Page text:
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Posts in Susan Disher
Lenten Baggage

This Lent, I thought I was going to skate through it, my bag was packed with all the necessary stuff I thought I would need, but I emotionally packed for a different Lenten trip.

I packed compassion, love, concern, a focus for the hurting ones in my life.

I knew I was going to meet grief head-on, and for the first weeks of Lent I did, I met grief head on, but not my grief.

I was prepared to go into spiritual battle for the hearts of my “people” that had been crushed into a million pieces by death, diagnosis, abandonment, unbelief, major loss of hope.

I packed my Lenten suitcase with God’s love to pour out over everyone in my life that needed to be reminded that He never lets them go.

I didn’t pack my bag to be ambushed by God who scheduled a deep cleansing, a scrubbing away of that sore in my heart, a spring cleaning of my heart.

I hadn’t packed all the armor that was needed to soothe my wounded places.

I had forgotten to remember….

I had learned that Lent was not about giving up watermelon (which was my standard answer when asked “what are you giving up”).

It was a time of preparation and repentance, but what was I suppose to prepare for and was I suppose to repent for all my daily sins or just the BIG ones?

It became very confusing, so this year I was giving up ME, and focusing on everyone else.

I was going to dwell in the country of their grief, not my own, but the space that my dearest and best have been inhabiting.

Lent 2019 has seemed to be a slow heavy walk through sadness, hopelessness, and grief.  Too many close to me were slogging down that dark trail into a darker valley and I was their companion.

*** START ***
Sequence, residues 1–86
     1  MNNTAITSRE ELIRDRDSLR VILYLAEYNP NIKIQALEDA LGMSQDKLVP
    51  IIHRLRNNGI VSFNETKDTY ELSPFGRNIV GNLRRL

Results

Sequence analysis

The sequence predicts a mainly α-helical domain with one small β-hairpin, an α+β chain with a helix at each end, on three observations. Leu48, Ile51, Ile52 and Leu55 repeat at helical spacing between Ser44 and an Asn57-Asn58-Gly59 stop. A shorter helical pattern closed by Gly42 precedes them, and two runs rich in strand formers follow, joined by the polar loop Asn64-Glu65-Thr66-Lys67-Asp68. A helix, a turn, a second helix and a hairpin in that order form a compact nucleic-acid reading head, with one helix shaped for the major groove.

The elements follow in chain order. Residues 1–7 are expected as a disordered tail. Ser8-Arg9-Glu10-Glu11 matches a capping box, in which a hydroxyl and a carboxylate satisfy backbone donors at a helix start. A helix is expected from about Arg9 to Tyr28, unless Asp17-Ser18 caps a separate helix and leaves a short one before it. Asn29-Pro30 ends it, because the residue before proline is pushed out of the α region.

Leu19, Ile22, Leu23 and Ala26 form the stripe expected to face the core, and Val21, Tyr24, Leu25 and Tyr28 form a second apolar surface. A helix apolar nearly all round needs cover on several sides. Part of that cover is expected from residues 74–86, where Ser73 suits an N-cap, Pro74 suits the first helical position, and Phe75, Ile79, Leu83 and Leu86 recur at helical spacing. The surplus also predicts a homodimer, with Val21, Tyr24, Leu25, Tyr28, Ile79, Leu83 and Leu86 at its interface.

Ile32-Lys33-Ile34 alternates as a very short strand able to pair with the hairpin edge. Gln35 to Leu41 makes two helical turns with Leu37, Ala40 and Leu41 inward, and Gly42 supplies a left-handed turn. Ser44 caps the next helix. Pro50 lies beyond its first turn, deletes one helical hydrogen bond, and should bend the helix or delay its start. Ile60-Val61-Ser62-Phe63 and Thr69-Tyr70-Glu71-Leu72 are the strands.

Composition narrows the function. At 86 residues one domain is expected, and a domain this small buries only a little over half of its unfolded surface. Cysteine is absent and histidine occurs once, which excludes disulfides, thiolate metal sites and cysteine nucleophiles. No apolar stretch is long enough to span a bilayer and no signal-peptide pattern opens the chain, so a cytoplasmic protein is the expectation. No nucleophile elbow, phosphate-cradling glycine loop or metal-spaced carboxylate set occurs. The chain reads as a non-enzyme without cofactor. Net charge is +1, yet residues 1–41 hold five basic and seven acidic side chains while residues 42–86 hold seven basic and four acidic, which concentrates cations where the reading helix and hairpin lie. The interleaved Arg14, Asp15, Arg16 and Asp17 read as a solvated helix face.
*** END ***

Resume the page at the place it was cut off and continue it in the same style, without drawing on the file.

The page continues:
I was caught unaware when God gave me a HARD STOP, and forced me to look at my losses, grief that has been grieved well, but then stored in the deepest part of my heart.

It was time to scrape the scab off, expose the ugly to the life giving, healing light of God’s love.

It was time to allow God to pour over my heart His love and mercy and fill it with His peace

And it hurt.  The scab was deep, rooted in avoidance, denial, and too much pain, but it was necessary.

Kate Bowler wrote in her blog that, ‘To observe Lent is to prepare for loss.  We will hear in Scripture the story of a man, once active and strong enough to stride the length of the Holy Land, suddenly deprived of his freedom and friends and now rejected and despised, esteemed not.  We embark on a walk for this holy season that will end on Golgotha, where an innocent man in the midst of his agony will cry because he believes his Father has forgotten him.”

We prepare for the loss, we know that Sunday is coming!  And we know the end of the story.

So I continue towards Jerusalem, reminding myself not to forget to remember.

There are many walking beside me, some limping along, some struggling to keep up, some striding in great confidence, but we all need help carrying our burdens.

I am walking hesitantly with Jesus holding my heart tenderly as he applies the healing balm of his grace, but I am walking.

As we approached Jerusalem the crowd stood at the gate and cried in tear-choked voice: “ We are lost in his death.”  Upon the hill the angels sang:” We are found in his rising!”  Ann Weems “Lost and Found”